The workplace messaging app Slack has filed a formal antitrust complaint against Microsoft with the EU, accusing it of unfairly bundling its rival app Teams with its Office 365 tools.
The complaint accuses Microsoft of “illegal and anti-competitive practice” of abusing its market power to eliminate rivals in alleged breach of EU competition law.
“Microsoft has illegally tied its Teams product into its market-dominant Office productivity suite, force installing it for millions, blocking its removal, and hiding the true cost to enterprise customers,” Slack said in a statement.
Slack has long chafed at Microsoft for essentially giving away Teams to Office 365 users, who are then less likely to pay extra for additional chat or video conferencing software.
But the formal antitrust complaint comes as the move to working from home raises the stakes.
Since the start of the year, Slack’s share price has risen by more than 40 per cent but the company has struggled to accelerate its revenue growth.
Meanwhile Microsoft Teams saw its users jump from 44m to 75m between March and April.
Jonathan Prince, vice-president of communications and policy at Slack, said his company’s offering was of higher calibre than Microsoft’s and that it threatened the US tech giant’s “hold on business email, the cornerstone of Office”.
He said: “But this is much bigger than Slack versus Microsoft — this is a proxy for two very different philosophies for the future of digital ecosystems, gateways versus gatekeepers.”
He added: “Slack simply wants fair competition and a level playing field.”
David Schellhase, general counsel at Slack, said: “We’re asking the EU to be a neutral referee, examine the facts, and enforce the law.”
Mr Schellhase said Slack was asking Brussels to move quickly “to ensure Microsoft cannot continue to illegally leverage its power from one market to another by bundling or tying products”.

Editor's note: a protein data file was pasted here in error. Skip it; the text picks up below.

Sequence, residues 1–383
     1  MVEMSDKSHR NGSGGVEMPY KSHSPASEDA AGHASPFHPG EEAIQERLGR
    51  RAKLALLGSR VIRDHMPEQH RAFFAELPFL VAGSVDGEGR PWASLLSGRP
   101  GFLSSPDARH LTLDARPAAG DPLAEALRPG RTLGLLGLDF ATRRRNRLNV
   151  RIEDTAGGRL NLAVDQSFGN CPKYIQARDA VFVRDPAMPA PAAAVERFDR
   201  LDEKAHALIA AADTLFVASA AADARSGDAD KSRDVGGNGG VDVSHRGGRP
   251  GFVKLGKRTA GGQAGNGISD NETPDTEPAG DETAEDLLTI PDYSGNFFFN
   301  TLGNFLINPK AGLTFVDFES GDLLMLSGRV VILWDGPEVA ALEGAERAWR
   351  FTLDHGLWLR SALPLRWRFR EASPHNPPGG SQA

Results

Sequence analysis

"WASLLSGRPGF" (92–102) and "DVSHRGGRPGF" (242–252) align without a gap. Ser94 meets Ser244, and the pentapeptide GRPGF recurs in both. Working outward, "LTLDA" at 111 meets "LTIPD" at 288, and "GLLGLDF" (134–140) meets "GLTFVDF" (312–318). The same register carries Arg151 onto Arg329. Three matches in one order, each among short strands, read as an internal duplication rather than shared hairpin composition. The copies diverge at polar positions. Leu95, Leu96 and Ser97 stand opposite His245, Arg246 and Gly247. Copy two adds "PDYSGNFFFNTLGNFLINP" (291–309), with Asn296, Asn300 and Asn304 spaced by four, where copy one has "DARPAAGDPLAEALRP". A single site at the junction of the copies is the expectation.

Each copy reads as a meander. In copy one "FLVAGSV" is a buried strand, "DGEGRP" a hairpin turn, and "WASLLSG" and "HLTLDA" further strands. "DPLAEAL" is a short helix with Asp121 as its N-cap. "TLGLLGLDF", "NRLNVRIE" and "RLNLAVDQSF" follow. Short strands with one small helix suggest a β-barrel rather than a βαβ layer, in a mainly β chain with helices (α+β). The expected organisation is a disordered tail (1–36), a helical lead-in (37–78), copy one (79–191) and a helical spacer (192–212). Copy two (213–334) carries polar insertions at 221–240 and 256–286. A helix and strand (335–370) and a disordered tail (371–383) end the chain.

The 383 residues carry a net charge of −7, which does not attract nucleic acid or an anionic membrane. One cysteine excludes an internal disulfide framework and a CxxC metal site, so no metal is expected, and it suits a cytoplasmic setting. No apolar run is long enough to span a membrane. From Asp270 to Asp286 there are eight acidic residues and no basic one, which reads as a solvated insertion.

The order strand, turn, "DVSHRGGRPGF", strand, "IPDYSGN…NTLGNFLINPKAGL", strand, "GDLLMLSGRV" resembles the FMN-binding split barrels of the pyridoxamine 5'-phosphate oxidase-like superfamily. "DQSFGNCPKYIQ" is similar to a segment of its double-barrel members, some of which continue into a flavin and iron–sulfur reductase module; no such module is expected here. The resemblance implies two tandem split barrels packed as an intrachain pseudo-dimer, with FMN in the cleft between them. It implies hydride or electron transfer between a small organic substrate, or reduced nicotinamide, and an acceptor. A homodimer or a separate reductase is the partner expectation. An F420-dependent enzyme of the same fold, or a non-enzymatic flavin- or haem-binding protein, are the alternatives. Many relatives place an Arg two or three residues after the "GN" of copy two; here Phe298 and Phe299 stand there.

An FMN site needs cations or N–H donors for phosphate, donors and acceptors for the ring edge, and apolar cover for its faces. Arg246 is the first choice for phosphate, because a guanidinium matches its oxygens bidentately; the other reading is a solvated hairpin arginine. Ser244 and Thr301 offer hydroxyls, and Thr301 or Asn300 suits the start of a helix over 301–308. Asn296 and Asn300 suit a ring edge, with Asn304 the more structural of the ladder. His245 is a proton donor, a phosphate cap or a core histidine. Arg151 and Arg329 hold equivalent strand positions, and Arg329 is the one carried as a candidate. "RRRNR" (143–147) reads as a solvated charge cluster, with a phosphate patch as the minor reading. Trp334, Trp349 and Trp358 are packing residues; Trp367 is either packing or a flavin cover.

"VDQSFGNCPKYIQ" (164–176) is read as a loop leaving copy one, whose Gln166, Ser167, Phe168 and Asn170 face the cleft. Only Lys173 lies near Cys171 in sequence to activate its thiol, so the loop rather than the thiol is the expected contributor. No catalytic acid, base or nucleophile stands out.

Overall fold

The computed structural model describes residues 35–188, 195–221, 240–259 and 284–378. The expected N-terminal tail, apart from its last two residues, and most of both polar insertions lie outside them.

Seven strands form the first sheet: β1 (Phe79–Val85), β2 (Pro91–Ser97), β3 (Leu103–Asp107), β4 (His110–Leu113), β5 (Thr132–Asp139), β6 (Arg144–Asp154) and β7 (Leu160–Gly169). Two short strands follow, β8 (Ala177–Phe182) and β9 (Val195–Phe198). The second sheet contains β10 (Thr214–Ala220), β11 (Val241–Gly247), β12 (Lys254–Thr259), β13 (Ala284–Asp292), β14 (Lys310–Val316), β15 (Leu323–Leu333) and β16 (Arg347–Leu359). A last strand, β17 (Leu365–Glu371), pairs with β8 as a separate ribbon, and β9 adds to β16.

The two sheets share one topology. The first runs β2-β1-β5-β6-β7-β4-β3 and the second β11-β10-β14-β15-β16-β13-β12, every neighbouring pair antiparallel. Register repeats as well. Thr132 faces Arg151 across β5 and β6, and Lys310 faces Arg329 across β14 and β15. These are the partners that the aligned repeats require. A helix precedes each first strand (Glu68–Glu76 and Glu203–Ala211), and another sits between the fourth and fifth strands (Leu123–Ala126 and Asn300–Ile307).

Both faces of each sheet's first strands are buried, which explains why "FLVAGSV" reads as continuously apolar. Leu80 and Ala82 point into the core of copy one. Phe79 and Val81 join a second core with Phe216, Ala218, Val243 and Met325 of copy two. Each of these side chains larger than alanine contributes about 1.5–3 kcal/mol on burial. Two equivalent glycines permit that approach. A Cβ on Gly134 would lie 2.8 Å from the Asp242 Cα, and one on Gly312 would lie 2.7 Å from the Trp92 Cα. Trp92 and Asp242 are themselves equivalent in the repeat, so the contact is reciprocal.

Slack wants Brussels to force Microsoft to sell Teams separate from Microsoft Office at a separate price, said a person with direct knowledge of the complaint.
The European Commission now has to review the complaint and decide on whether it will launch a formal antitrust probe. The commission said: “We confirm that we received a complaint by Slack against Microsoft. We will assess it under our standard procedures.”
Microsoft did not immediately reply to a request for comment.
Mr Schellhase said Microsoft was “reverting to past behaviour”.
He added: “They created a weak, copycat product and tied it to their dominant Office product, force installing it and blocking its removal, a carbon copy of their illegal behaviour during the ‘browser wars’.”
Microsoft’s last antitrust complaint in Brussels was in 2008, when the commission accused the company of leveraging its dominant position to push users to download its Internet Explorer browser by bundling it with Windows at the expense of rivals. Microsoft settled with the commission and offered users a choice of browsers, but in 2013 the EU fined the company €561m for failing to honour the promise.